I read a Chinese short story to Ben this evening.
About 400 years ago, during a rainy season, like England in April, a scholar with the wit of Stephen Fry named Xu Wenchang （徐文长）was staying with his friend, but he somehow overstayed his welcome.
His friend left a subtly written note, which read,
xià yǔ tiān liú kè tiān liú wǒ bǔ liú
（Literally: Rainy days keeping guest sky keep I not keep)
There was NO punctuation marks!
A very witty Mr Xu Wenchang (1521—1593)
What do butterflies mean to you? Freedom? Beauty?
If I say butterflies also mean a tragic love, like Romeo and Juliet, do you think it strange?
I use butterflies a lot in my cards. Sometimes I wonder, ‘What do they mean?’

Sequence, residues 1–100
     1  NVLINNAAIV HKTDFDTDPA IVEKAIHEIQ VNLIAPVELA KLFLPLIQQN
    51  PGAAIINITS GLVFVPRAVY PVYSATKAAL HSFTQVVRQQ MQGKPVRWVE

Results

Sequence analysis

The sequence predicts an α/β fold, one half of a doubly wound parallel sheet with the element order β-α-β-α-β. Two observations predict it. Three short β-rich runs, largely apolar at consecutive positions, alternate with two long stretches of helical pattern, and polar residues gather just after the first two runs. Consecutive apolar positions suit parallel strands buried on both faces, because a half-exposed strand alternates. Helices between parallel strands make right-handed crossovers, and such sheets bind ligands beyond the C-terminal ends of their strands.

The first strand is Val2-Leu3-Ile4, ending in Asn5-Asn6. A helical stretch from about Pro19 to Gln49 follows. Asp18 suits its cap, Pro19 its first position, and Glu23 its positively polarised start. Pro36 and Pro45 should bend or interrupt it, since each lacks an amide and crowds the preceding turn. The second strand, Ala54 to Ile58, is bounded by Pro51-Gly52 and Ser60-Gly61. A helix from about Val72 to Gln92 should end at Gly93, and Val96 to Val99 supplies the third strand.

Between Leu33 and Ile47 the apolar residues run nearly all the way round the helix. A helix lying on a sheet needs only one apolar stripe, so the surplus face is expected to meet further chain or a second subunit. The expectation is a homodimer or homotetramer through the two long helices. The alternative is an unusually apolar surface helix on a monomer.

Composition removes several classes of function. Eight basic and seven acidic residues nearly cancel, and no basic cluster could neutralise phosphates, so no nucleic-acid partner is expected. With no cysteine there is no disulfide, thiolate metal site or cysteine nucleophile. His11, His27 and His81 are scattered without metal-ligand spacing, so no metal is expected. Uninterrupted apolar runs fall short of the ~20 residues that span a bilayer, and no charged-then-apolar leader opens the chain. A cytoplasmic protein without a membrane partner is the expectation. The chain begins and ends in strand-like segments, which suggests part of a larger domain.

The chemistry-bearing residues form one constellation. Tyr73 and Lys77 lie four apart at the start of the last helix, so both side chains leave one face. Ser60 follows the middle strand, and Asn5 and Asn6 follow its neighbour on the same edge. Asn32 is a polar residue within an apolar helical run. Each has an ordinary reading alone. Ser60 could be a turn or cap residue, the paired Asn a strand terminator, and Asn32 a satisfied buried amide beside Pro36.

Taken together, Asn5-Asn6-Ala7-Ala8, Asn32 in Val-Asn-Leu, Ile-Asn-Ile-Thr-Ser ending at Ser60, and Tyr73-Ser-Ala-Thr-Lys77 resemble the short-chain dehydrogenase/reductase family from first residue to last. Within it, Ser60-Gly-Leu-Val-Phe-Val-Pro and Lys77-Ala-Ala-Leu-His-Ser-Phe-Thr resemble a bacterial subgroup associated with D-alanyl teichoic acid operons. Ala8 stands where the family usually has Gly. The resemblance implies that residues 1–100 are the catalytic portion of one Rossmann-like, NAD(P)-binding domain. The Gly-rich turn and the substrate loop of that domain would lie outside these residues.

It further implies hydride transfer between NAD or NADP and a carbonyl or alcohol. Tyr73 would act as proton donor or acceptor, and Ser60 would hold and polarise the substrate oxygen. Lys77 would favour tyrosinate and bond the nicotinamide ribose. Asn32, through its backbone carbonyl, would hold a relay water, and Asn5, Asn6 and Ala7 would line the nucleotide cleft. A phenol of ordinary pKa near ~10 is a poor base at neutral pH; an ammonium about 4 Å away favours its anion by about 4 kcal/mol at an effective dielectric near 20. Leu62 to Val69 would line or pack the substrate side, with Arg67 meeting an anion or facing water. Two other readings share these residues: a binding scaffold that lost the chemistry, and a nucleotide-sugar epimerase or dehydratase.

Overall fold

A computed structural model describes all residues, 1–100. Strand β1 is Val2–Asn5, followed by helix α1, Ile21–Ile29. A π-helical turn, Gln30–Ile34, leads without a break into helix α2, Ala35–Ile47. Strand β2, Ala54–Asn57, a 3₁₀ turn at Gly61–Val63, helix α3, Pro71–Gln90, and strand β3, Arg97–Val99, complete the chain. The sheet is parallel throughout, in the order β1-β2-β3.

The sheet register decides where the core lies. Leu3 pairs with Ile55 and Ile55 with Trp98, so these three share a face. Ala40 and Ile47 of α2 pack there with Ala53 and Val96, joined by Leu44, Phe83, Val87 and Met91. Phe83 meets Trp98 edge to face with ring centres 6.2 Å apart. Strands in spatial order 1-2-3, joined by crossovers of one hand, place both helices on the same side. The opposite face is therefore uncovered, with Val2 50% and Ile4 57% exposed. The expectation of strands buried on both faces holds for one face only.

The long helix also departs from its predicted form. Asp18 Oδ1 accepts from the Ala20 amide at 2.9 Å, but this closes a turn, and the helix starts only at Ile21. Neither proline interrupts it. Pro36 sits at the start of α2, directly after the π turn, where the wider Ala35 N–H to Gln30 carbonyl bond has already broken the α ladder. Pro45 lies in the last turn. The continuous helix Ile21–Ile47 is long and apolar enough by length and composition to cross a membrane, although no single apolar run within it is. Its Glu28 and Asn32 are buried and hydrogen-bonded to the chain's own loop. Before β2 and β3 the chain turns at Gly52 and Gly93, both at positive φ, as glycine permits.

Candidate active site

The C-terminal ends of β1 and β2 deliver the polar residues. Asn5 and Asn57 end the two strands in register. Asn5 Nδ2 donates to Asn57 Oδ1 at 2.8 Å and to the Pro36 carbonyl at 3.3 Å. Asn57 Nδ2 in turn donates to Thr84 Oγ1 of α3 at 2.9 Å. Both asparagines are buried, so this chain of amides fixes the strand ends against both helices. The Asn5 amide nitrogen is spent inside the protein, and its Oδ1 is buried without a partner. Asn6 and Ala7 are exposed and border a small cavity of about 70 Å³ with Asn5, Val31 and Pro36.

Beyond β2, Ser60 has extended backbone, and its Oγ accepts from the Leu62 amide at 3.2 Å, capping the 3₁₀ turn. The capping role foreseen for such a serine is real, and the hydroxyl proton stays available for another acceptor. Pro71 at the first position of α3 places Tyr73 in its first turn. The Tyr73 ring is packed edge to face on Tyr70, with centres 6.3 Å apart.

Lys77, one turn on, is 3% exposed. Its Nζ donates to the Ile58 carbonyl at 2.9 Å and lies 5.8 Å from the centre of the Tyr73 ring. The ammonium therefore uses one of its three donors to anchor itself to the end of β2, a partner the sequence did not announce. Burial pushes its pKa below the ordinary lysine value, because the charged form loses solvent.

Hopeful thoughts with butterfly
Here is a Chinese tragic love story, The Butterfly Lovers. The young lovers were Liang Shanbo (梁山伯, man) and Zhu Yingtai (祝英台, woman). Their names are normally shortened for Liang Zhu (梁祝).
Their tragic love is almost like that of Romeo and Juliet.
The basic story line is: Zhu pretended to be a boy and became Liang’s classmate; Liang didn’t know Zhu was a girl. They spent 3 years together as boys. Zhu was engaged to a rich man by her father later. Liang was too late. He died of a broken heart. Continue reading